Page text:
• September 4, 2006: A passenger train collides with a freight train north of Cairo, killing five and injuring 30.[24]
  • August 21, 2006 Qalyoub rail crash: Two trains collide in the town of Qalyoub, 20 kilometres (12 mi) north of Cairo, killing 57 people and injuring 128.
  • February 20, 2002 Al Ayatt train disaster: A train packed to double capacity catches fire, 373 are killed.
  • 2000:[where?] 9 killed[25]
  • November 1999: 10 killed between Cairo and Alexandria[26]
  • April 1999: 10 killed in Northern Egypt head-on collision between two trains[26]
  • 1998 Kafr Al-Dawar accident: "about 50" killed[25][26]
  • 1997 2 major accidents:[where?] one with 14 killed, the other with 7 killed[25]
  • 1995: Derailment just north of Cairo: 9 killed; Qiwisna accident (collision with bus): 49 killed; Beni Sweif accident: 75 killed[25][26]
  • 1994 collision:[where?] more than 40 killed[25]
  • 1993 collision:[where?] 40 killed[25]
  • 1992 head-on collision at Al-Badrashin: 43 killed[25]

Problems[edit]

The debacle of the 2002 Al Ayyat railway accident showed significant deficiencies in the status and maintenance of the equipment. In the aftermath, the ERA initiated a program to update equipment and improve safety.[18] While some services have been privatized (i.e. food service, sleeper trains), ENR is considering further steps in privatization to increase efficiency and improve service. In addition, ENR has dormant real estate holding that it plans to utilize in a more profitable way.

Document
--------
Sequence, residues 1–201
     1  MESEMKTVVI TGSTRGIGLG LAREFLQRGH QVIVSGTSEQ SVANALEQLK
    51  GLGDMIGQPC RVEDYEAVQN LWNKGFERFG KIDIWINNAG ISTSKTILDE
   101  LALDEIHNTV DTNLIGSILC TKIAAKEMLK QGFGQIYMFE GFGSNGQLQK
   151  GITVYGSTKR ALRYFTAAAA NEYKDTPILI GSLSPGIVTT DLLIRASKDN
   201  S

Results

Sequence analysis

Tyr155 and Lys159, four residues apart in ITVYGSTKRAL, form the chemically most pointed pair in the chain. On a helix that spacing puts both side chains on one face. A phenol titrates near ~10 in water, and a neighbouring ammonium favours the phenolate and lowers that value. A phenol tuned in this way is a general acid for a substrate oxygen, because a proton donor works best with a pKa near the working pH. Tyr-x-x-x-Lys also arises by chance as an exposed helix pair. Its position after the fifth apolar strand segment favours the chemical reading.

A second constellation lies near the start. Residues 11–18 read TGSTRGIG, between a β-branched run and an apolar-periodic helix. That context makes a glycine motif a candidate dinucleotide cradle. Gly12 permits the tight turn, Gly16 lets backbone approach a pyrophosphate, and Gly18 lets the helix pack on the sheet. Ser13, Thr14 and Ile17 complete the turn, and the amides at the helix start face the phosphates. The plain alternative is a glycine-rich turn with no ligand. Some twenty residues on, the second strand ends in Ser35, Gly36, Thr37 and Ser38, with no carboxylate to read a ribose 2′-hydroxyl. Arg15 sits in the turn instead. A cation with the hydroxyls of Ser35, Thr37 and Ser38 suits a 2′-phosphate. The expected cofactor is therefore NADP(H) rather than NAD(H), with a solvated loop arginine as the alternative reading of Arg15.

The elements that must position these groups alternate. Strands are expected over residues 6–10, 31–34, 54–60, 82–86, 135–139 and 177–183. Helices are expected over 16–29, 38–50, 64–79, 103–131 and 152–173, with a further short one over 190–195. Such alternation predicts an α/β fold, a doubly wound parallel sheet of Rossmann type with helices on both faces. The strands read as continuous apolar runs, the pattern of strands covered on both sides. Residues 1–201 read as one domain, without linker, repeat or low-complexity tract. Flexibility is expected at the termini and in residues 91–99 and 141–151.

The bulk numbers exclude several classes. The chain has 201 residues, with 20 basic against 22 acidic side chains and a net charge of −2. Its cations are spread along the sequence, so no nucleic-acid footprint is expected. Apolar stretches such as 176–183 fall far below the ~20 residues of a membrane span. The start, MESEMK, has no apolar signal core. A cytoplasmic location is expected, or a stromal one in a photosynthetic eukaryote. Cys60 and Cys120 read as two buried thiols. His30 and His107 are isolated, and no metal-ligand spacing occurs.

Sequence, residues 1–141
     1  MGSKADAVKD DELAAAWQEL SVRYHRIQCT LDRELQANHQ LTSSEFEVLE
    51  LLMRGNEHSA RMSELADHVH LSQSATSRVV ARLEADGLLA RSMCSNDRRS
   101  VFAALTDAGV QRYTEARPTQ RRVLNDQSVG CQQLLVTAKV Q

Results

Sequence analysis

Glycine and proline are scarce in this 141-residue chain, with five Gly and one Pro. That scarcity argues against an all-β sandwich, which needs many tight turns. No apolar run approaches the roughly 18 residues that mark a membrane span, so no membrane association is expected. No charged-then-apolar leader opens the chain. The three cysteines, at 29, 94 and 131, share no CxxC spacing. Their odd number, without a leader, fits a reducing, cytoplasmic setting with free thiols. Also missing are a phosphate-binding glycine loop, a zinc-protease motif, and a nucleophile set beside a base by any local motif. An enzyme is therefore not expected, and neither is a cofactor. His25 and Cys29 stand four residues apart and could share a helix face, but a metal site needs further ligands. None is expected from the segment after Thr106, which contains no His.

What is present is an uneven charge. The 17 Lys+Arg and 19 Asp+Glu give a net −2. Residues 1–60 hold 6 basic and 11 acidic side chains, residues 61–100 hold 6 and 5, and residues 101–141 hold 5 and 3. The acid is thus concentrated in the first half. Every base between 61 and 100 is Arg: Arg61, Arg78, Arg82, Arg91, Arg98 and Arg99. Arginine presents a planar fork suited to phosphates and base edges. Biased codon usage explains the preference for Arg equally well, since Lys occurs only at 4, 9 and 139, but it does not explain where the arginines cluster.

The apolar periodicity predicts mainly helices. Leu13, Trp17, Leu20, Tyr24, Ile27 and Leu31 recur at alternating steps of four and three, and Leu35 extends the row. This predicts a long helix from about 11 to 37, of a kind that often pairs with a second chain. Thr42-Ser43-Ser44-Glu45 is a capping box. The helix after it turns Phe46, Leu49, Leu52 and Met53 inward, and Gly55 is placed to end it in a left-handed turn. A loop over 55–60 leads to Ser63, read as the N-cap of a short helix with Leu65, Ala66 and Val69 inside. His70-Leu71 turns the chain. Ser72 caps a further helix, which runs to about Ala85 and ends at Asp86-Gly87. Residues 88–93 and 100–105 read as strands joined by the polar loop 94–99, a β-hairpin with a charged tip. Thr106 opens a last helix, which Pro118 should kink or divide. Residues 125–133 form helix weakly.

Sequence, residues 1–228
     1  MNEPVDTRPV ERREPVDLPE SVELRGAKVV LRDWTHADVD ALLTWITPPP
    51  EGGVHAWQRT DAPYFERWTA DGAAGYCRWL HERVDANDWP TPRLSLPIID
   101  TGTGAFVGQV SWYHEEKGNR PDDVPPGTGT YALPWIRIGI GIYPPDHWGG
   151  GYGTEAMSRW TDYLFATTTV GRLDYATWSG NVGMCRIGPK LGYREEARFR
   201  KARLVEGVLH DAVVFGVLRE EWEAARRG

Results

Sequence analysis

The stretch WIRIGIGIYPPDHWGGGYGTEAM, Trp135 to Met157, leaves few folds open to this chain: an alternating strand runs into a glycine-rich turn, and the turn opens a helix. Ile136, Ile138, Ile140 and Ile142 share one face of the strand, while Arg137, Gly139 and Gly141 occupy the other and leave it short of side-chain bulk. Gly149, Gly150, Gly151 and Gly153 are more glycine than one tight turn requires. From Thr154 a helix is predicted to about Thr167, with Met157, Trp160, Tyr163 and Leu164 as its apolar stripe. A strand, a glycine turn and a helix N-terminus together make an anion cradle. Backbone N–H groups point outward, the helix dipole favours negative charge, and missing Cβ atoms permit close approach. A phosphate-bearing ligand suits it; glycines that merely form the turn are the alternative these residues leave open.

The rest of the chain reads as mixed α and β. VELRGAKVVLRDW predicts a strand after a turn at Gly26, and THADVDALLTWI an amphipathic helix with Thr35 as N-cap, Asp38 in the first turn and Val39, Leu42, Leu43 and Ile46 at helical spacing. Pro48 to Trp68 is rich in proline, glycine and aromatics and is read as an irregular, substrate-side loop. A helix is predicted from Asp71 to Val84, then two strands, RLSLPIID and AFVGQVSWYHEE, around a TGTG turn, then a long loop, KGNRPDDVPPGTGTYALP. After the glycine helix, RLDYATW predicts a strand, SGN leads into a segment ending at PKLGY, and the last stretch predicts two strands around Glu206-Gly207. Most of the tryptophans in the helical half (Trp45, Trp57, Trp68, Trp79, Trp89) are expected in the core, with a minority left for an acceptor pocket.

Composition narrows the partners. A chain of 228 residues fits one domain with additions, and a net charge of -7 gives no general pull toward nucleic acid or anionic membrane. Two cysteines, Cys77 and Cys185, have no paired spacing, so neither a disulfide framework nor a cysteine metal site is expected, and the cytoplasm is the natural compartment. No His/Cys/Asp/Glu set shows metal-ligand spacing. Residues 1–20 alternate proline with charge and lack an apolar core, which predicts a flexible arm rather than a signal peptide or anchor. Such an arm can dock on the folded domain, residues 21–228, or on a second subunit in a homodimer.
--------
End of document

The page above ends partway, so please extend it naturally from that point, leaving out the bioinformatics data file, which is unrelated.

The 2006 Qalyoub train collision led to further criticism of the management of the ENR raising issues of underfunding and corruption.[27] The head of the ERA, Hanafy Abdel-Qawi, was dismissed one day after the accident.[28] In response to the accidents an investment programme was launched in 2007 with the aim of modernising the rail network and improving safety standards.[29]

Major stations[edit]

Most major lines originate from Ramses Station, Cairo or Misr Station, Alexandria:

Railway links to adjacent countries[edit]

  • Libya - railways under construction - Same gauge - 1,435 mm (4 ft 8 12 in)
  • Sudan - no - Break-of-gauge 1,435 mm (4 ft 8 12 in)/1,067 mm (3 ft 6 in)
  • Palestine - defunct since 1948
  • Israel - defunct since 1948

Narrow Gauge[edit]

Police post with public fountain and railway used for sugar cane.
Sugar cane railway by a police post.
Narrow gauge railway used for sugar cane.
Sugar cane railway.

There is a modest network of narrow gauge railways at Kurna (the west Nile bank opposite Luxor). This has a gauge of approximately 2 ft (610 mm) narrow gauge and is used for transporting sugar cane. A smaller network of the same gauge and for the same purpose exists on the east bank, around the southern outskirts of Luxor.

Haulage is by diesel locomotive. Rolling stock includes rakes of bogie bolsters, typically seen loaded high up with sugar cane crop.

See also[edit]

References[edit]